Sunday, 30 August 2015
Last updated 1 day ago
May 18 2011 | 12:16pm ET
Citadel Investment Group has eased its redemption policies as the hedge fund giant continues to consider cutting its management fees.
Chicago-based Citadel told investors in its flagship Kensington and Wellington funds that, beginning in July, they'll be able to withdraw 10% of their assets each quarter, instead of just one-sixteenth per quarter. The new rules mean an investor in the funds, which manage $7.5 billion, or about one-third of Citadel's total assets, can fully redeem in two-and-a-half years, rather than the current four.
In addition, Citadel is raising its withdrawal gate from 3% to 5% and cutting penalties for any redemptions above that level to between 4% and 7%, down from 5% to 9%.
Both the Kensington and Wellington Funds, which are up about 9% this year, remain below their high-water marks after losing 55% in 2008. The two funds need to return another 15% before they can begin charging performance fees.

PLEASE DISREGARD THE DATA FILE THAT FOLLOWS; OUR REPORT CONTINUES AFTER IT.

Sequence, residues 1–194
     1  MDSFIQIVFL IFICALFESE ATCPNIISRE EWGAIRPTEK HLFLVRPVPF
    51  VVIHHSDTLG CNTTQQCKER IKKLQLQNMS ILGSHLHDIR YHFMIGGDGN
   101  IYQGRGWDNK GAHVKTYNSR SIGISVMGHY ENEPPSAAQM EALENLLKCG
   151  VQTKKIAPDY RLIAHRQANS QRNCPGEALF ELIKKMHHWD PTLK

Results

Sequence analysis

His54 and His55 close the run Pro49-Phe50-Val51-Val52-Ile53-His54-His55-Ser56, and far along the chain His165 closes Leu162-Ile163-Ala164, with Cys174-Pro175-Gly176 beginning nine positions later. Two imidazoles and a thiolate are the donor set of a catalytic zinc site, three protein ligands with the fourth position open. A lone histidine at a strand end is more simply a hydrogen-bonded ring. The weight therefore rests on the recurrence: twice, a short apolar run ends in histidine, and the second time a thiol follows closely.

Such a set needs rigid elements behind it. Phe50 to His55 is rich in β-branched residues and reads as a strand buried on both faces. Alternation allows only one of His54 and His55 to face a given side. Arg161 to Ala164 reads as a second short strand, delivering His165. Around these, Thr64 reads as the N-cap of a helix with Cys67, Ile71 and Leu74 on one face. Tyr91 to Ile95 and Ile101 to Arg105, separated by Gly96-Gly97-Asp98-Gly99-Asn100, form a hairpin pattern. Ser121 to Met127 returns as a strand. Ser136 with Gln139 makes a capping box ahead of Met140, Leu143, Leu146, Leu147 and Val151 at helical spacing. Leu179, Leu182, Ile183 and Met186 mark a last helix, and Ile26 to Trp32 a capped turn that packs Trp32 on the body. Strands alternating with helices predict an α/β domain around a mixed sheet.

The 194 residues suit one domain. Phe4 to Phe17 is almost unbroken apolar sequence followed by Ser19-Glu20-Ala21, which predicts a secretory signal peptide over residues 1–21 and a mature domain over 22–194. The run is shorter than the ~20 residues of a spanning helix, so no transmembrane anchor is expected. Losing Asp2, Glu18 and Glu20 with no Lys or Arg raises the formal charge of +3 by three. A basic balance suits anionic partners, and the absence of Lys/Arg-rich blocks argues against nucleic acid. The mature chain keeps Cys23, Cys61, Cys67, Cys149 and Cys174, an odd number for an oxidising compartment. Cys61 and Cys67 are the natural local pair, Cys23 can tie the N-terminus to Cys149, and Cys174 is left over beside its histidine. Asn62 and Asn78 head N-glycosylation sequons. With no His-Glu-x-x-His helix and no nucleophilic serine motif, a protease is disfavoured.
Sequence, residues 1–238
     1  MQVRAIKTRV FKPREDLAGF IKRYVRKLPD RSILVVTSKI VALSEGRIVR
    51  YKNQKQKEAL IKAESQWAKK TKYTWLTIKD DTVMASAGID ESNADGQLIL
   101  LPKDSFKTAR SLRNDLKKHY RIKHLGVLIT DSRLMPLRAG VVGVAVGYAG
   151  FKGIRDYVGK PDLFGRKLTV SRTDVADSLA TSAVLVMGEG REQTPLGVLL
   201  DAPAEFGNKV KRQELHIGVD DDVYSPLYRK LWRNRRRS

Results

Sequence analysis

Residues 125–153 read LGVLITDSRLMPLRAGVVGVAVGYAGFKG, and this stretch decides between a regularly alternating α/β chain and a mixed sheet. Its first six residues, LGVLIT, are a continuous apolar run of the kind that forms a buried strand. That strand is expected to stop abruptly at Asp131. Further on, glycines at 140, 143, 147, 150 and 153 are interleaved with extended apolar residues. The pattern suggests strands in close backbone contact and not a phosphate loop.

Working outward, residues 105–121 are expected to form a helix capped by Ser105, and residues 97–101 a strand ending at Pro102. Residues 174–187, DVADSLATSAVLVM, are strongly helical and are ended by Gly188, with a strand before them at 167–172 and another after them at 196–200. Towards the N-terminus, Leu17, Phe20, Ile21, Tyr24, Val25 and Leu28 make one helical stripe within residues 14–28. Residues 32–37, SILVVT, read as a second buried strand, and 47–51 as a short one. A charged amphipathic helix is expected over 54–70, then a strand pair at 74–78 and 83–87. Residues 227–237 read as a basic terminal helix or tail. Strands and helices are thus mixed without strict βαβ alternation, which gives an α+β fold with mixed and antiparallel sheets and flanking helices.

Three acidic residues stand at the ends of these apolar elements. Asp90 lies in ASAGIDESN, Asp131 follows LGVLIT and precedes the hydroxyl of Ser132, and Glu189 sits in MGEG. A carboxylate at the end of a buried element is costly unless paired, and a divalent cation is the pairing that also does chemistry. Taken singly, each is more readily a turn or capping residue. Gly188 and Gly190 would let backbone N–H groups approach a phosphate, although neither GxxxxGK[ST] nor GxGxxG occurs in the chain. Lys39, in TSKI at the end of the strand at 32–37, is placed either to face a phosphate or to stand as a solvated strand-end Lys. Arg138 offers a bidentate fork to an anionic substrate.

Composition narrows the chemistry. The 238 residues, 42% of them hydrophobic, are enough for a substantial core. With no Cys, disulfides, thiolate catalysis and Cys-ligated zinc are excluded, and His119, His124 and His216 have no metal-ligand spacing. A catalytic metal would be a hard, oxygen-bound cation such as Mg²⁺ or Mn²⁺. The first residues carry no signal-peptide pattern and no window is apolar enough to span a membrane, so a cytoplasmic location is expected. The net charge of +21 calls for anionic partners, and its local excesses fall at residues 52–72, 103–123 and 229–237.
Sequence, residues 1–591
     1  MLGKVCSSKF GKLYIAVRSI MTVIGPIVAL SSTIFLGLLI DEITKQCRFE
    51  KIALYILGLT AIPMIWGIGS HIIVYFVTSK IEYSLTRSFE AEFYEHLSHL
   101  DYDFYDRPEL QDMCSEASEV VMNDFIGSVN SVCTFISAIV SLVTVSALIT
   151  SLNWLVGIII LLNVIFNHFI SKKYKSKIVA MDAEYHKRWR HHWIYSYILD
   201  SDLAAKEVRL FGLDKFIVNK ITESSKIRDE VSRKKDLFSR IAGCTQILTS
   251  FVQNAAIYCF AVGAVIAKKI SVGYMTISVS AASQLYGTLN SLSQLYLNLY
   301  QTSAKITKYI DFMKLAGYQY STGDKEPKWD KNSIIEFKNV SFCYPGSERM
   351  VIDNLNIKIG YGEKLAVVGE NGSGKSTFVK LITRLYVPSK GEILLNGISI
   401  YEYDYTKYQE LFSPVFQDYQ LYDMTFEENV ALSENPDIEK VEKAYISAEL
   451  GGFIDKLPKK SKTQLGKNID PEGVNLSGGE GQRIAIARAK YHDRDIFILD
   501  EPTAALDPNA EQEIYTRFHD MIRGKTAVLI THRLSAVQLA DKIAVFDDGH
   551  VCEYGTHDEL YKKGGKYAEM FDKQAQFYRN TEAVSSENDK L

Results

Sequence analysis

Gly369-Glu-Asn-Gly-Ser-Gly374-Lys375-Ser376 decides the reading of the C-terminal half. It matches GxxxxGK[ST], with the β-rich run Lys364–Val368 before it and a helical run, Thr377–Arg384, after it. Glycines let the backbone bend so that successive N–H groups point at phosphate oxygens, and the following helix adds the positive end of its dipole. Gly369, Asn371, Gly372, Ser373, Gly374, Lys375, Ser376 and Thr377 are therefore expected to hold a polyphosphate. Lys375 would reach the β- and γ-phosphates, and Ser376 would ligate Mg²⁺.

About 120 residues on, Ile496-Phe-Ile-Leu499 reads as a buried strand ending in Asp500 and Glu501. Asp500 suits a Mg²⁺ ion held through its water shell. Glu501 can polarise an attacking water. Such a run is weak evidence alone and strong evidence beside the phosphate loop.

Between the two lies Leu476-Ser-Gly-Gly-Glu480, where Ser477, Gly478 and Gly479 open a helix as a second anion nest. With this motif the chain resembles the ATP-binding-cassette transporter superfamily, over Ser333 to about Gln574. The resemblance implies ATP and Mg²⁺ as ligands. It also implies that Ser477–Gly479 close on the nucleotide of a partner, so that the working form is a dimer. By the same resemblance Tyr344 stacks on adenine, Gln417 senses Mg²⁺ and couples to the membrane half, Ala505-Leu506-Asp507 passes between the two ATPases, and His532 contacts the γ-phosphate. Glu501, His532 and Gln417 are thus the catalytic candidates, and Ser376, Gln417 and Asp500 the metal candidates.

That fee may be going up, Citadel told clients: The firm said it may raise its cut of the profits to 30% from 20%, but only if it also slashes its management fees.
Currently, Citadel doesn't charge a management fee, per se, instead passing all expenses on to clients. In some years, those expenses have amounted to about 8%. Citadel said that it may impose a set 3% management fee, instead, still well below its average charge of between 4% and 6%.
The changes were first reported by Bloomberg News.
In spite of the changes, Citadel defended its onerous redemption policy, which has been in place since 1998, saying it offered "tremendous stability in our capital base" and crediting it with allowing the firm "to maximize our returns across numerous market cycles."
Citadel, which manages a total of about $11 billion, announced the cuts as it seeks to rebuild its asset base, which has fallen by almost half since 2007.
May 27 2015 | 2:15pm ET
Support Hedge Funds Care, also known as Help For Children (HFC), by participating in this year's raffle. All proceeds go to support HFC's mission of preventing and treating child abuse. Read more…